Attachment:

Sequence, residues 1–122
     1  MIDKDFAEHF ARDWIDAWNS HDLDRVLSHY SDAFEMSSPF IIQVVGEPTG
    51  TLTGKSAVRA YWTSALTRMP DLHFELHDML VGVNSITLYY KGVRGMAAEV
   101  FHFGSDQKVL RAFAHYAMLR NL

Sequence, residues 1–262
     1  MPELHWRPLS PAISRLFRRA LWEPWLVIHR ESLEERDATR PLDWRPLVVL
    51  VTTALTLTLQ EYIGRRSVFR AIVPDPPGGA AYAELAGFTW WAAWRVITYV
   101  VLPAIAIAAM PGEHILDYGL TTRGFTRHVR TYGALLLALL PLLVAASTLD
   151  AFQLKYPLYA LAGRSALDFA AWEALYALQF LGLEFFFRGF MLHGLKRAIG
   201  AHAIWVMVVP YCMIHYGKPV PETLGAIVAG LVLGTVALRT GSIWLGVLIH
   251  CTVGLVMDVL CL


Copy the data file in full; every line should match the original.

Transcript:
Sequence, residues 1–122
     1  MIDKDFAEHF ARDWIDAWNS HDLDRVLSHY SDAFEMSSPF IIQVVGEPTG
    51  TLTGKSAVRA YWTSALTRMP DLHFELHDML VGVNSITLYY KGVRGMAAEV
   101  FHFGSDQKVL RAFAHYAMLR NL

Sequence, residues 1–262
     1  MPELHWRPLS PAISRLFRRA LWEPWLVIHR ESLEERDATR PLDWRPLVVL
    51  VTTALTLTLQ EYIGRRSVFR AIVPDPPGGA AYAELAGFTW WAAWRVITYV
   101  VLPAIAIAAM PGEHILDYGL TTRGFTRHVR TYGALLLALL PLLVAASTLD
   151  AFQLKYPLYA LAGRSALDFA AWEALYALQF LGLEFFFRGF MLHGLKRAIG
   201  AHAIWVMVVP YCMIHYGKPV PETLGAIVAG LVLGTVALRT GSIWLGVLIH
   251  CTVGLVMDVL CL